Project Selection

On Monday morning I start my new job as a Project Manager. In this role I will be in charge of business reviews for different directors across my organization, as well as process improvement, and acting as a systems expert/liaison for my group. This will be my first project management role in my career and I am very excited about it. One of my first on-boarding duties is to be the point person for capital purchases prioritization. This will be my first time dealing with prioritization of capital purchases. Given this fact, I decided that I needed and wanted to look more into selection of projects in general and specifically capital purchases to get up to speed on best practices within my industry.

In our first class, we went over project selection techniques from chapter two of our book. Some of the models that were discussed were:

  • The Payback Model
  • Net Present Value (NPV) Model
  • Checklist Model
  • Multi-Weighted Scoring Model

After learning more about these methods in class, I definitely believe that using just one of these methods to select a project would not be a good idea. However, a mixed approach would be the best course of action in making the best choice for all stakeholders involved. I believe it really comes down to aligning the criteria with the strategic plan of the organization. Some organization’s project selection criteria are going to vary a great deal from others. For example, a nonprofit hospital’s criteria may not value financial criteria as much as other nonfinancial criteria. Obviously, the institution still has to keep the lights on, but the organization may want to do that while providing the best care to all demographics in their community.

So at this point I wanted to take a look at what resources were available online regarding this topic in addition to the guidance our book gave. At first I found multiple presentations and articles regarding systems that could be purchased in order to make the whole capital purchasing selection process run smoother for organizations:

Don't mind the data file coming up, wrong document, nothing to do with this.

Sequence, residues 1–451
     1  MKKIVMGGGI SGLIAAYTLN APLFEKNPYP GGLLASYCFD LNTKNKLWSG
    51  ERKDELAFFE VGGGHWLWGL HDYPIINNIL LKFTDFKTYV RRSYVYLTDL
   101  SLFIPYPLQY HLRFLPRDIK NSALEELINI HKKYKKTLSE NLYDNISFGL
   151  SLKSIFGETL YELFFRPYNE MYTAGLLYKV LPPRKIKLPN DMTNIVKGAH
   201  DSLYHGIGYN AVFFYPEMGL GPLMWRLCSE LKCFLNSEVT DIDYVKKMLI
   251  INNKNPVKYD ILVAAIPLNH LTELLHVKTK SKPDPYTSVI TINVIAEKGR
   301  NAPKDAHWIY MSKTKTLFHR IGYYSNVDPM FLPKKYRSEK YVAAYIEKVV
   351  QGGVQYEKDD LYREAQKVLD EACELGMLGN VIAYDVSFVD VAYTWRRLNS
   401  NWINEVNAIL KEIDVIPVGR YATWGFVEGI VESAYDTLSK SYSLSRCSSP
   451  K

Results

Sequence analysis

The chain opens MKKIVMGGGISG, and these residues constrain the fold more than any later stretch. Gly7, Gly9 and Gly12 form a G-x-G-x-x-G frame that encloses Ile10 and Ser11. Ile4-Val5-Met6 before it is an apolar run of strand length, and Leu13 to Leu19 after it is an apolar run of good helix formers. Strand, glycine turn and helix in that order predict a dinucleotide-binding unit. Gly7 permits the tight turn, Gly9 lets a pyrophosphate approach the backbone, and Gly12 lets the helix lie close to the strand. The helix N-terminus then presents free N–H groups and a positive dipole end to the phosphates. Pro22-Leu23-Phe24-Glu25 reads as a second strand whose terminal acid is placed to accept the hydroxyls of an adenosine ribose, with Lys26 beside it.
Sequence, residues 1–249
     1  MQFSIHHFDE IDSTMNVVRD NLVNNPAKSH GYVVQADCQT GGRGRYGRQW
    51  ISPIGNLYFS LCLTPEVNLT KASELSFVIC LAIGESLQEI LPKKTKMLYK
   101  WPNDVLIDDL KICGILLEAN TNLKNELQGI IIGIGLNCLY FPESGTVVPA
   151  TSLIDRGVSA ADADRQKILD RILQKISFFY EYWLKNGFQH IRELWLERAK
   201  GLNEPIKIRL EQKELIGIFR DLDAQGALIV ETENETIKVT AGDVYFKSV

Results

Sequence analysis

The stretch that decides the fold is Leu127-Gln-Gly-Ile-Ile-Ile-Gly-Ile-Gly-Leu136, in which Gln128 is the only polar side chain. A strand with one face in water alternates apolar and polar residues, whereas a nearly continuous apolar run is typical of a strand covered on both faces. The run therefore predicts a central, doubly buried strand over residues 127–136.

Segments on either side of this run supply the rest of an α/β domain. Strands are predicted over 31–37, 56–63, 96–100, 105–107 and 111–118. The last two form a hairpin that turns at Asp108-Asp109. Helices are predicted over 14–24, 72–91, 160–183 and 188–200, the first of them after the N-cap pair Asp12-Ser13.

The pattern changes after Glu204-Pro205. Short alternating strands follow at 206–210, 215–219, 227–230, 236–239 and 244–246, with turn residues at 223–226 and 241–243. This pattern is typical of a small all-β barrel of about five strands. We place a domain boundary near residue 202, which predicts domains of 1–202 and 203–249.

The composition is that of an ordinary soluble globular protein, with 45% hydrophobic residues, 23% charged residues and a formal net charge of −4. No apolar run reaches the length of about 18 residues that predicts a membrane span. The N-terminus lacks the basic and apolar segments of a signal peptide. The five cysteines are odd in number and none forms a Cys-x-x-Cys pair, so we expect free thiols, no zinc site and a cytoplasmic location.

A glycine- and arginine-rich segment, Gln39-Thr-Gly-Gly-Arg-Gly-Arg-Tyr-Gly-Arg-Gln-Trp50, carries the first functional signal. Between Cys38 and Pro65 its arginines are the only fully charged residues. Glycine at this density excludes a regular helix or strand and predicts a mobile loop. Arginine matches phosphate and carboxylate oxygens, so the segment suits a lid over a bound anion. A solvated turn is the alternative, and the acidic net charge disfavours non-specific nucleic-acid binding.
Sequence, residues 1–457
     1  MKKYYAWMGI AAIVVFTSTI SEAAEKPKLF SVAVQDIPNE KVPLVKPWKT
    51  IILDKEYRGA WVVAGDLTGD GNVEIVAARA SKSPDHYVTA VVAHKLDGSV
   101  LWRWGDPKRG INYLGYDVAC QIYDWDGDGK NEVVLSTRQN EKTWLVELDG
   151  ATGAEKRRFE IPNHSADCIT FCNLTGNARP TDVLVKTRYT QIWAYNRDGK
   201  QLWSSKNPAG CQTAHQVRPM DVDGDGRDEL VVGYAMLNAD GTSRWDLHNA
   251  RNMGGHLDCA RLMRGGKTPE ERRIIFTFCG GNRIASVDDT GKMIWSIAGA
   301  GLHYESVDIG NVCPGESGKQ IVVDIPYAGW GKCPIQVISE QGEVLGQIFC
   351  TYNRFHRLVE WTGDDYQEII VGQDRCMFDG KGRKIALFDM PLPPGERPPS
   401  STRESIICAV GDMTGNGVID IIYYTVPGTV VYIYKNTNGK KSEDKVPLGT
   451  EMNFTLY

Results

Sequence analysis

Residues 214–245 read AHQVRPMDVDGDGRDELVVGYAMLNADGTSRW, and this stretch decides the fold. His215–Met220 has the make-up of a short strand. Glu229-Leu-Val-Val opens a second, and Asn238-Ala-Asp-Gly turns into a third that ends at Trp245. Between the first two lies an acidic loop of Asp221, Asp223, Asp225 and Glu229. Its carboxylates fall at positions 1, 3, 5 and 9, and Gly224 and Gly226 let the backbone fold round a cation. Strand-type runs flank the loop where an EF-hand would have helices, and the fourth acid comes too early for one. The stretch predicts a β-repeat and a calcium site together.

Then I found a link or two for consultants who could help in the planning or implementation phase of capital projects.

Finally I came upon a link that gave me some great information regarding what some folks in my industry are currently doing versus what they should be doing regarding capital project selection.

After taking a look at the various resources available online, I have come to several conclusions regarding the best capital project selection process. First and most importantly, there must be an overall company strategy that Senior Management has set for the company to strive for. Secondly, there are no silver bullets or one process works for all in the capital project selection process. Third, this process should be a living thing that gets discussed throughout the fiscal year, not just when budget season rolls around.

One thought on “Project Selection

  1. First and foremost congratulations on your new position! Secondly, thanks for sharing this post. Your links were very helpful and help to fully analyze the problem from all aspects.

    This is a definitely a difficult problem that hospitals and companies that make products/provide services that can affect the well-being of people must address. Ethically speaking, you always want to provide the best service possible. Financially speaking, that is not possible. As you have mentioned, there is no one-size-fits-all method of evaluating projects. However, I think if you can explain the financial ramifications of capital decisions (ex. buying the fully-loaded but costly mercedez vs fully-functional but budget-friendly toyota camry) and their impact on cash flow and future upgrades, the functional team may provide more accurate risk/opportunity estimates and assumptions.

    Also, as we know many times these decisions are made on educated guess-timates of soft benefits. Having a knowledge of the equipment and how it is used in daily operations may give you provide you with that extra knowledge that could act as a tie-breaker when certain projects are too close to call based on your analysis of IRR, NPV, payback, etc.

    Your final point is the most important. Technology, and especially medical technology, is evolving quickly. Defining periodic points throughout the year for self-reflection regarding the process and the actual results garnered from the process can provide valuable insights. From there, you can tweak your methodology and continuously improve on it.

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